Though the city of Chadera eventually developed a secular character, in the 1960s a branch of the Novardok yeshivah opened in Chadera
Title: Draining the Swamp
Location: Chadera, Ottoman Palestine
Document: Passport of Rav Moshe Mordechai Epstein
The late 19th century was a time of rising disillusionment for Jews in the Russian Empire. Drastic economic changes and rising anti-Semitism in the 1870s, followed by the 1881 pogroms in Ukraine after the assassination of Czar Alexander II, led many to emigrate. Although the vast majority who did so crossed the Atlantic Ocean, a few adventurous individuals headed south to Ottoman Palestine, with the goal of establishing settlements in Eretz Yisrael. One who shared that vision was the soon-to-be rosh yeshivah of Slabodka, Rav Moshe Mordechai Epstein.
The upheavals did not spare the Volozhin Yeshivah, and some of its students established secret societies to promote settlement in the Land of Israel, operating clandestinely to avoid discovery by the Czarist police. In addition, the rosh yeshivah, the Netziv, frowned upon distractions from Torah learning.
Rav Moshe Mordechai and Rav Isser Zalman were among the members of two societies in Volozhin, Nes Tziona and later Netzach Yisrael. They deepened their association when they both married daughters of the late Rav Shraga Feivel Frank of the Kovno suburb of Alexut (Aleksotas). The wealthy and influential Frank family were leading members in the local branch of the Chovevei Zion movement.
In 1890 Rav Moshe Mordechai and three others were dispatched as emissaries of Chovevei Zion to Eretz Yisrael to purchase a parcel of land in the Jezreel Valley for future settlement. Zionist activist Yehoshua Chenkin brokered the deal, which resulted in the acquisition of a tract of swampland, inhabited by a handful of water buffaloes, from the Arab Christian Selim Khuri.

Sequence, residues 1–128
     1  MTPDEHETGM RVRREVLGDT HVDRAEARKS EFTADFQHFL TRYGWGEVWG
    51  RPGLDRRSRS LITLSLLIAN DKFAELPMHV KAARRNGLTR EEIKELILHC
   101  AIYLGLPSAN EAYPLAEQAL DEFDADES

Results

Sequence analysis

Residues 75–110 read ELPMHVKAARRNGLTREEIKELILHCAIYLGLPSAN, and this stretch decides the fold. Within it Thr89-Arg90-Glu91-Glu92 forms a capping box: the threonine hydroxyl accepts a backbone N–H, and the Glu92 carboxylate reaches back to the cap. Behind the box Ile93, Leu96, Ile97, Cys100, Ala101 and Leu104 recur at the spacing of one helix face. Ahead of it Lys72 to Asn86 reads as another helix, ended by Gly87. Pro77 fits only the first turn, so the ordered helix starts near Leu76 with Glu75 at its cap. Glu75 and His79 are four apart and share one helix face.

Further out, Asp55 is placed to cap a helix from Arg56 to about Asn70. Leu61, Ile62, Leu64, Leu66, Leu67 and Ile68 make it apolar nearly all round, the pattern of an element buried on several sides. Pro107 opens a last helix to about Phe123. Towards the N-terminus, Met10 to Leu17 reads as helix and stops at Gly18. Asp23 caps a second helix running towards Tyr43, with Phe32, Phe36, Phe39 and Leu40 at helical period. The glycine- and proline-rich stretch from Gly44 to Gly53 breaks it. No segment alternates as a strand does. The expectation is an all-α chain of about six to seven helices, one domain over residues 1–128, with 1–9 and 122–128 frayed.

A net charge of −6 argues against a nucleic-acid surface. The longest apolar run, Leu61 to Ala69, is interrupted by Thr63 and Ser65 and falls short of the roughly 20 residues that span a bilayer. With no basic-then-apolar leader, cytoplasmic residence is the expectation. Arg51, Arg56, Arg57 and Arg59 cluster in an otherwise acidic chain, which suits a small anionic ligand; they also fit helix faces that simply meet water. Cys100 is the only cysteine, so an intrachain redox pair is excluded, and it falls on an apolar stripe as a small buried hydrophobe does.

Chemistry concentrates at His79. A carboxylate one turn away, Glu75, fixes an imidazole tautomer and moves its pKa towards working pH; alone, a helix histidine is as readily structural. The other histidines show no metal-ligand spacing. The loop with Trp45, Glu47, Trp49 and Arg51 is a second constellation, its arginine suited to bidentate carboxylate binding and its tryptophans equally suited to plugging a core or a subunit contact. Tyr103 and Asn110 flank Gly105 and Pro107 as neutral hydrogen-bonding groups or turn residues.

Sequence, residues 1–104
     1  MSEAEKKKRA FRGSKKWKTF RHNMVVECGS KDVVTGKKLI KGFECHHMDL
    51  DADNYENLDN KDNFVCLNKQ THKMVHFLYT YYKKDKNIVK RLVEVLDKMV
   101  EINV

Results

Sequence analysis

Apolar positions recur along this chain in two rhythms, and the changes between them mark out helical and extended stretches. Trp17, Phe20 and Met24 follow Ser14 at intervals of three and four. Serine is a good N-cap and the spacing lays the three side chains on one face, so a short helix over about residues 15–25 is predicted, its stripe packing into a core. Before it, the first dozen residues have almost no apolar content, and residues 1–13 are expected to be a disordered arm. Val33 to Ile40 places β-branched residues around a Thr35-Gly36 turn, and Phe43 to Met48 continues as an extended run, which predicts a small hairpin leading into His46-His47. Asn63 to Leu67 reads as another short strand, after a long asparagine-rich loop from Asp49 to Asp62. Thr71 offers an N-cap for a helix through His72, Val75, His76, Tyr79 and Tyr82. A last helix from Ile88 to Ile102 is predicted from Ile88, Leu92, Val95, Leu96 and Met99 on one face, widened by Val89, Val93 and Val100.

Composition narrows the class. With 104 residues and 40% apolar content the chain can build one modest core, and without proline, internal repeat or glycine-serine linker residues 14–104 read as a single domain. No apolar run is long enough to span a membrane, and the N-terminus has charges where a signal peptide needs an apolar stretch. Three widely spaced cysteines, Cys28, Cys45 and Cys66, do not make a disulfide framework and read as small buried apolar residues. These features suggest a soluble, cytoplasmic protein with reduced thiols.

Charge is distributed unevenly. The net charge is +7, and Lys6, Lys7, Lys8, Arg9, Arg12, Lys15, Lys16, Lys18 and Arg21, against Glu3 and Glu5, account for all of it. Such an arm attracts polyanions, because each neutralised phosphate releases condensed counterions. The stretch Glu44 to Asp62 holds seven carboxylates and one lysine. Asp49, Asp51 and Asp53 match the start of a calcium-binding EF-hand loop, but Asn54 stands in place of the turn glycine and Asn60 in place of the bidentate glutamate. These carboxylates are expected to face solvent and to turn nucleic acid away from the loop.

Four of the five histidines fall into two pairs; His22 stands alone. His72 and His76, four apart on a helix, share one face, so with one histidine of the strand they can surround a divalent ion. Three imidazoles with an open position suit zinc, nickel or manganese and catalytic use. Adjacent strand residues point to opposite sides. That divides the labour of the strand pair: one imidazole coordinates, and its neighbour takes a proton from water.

Chenkin had promised the Chovevei Zion delegation that he would have the swamps drained, but he reneged on this obligation and seized their down payment and the deeds to the property. Rav Moshe Mordechai was forced into protracted negotiations before finally obtaining control of the land. The colony was named Chadera, and the city to this very day commemorates Rav Epstein’s role in its founding with a photo display in the municipal offices showing him and his fellow delegates adorned with Ottoman tarbushes on their 1890 trip.
Rav Yehuda Leib Frank continued his family’s involvement with Chadera with his arrival from Kovno in 1893, serving as the first rav and administrator of the colony. The marshes were a breeding ground for yellow fever, and his wife Malka succumbed to the disease in 1905. He eventually moved to the Chatzer Strauss complex in Jerusalem’s Musrara neighborhood, where members of the mussar movement resided. His son Rav Tzvi Pesach Frank would eventually become rav of Yerushalayim.
Rav Moshe Mordechai Epstein had purchased a piece of property for himself in Chadera, but his appointment as rosh yeshivah of Slabodka in 1894 precluded his settling there. In 1925 he returned to Eretz Yisrael, this time together with his yeshivah, when they settled in Chevron.
Each Stamp Tells a Story
Few roshei yeshivah put their passports to use like Rav Moshe Mordechai. He traveled three times to Palestine, and then twice to America and all over Western Europe, raising funds for Slabodka Yeshivah.
Torah Returns to Chadera
Though the city of Chadera eventually developed a secular character, in the 1960s a branch of the Novardok yeshivah opened in Chadera headed by Rav Yaakov Galinsky. When it folded, it was followed by a branch of ITRI Yeshivah headed by Rav Tzvi Kushlelevsky in the 1970s. Finally, Yeshivah Knesses Yitzchak was launched in Chadera in 1989.
In 1925 Rav Isser Zalman Meltzer also moved to Eretz Yisrael, where he was appointed rosh yeshivah of Etz Chaim. In 1929, Rav Isser Zalman visited Poland to participate in the dedication of the Kletzk yeshivah building. After delivering a series of shiurim on a visit to Radin, the bochurim begged him to serve as their rosh yeshivah in place of Rav Naftali Trop, who had passed away several months earlier. His mind set on living out his days in the Holy Land, Rav Isser Zalman turned down their pleas and returned home.
The 10th of Kislev marks the yahrtzeit of both Rav Moshe Mordechai Epstein and Rav Isser Zalman Meltzer.
(Originally featured in Mishpacha, Issue 885)
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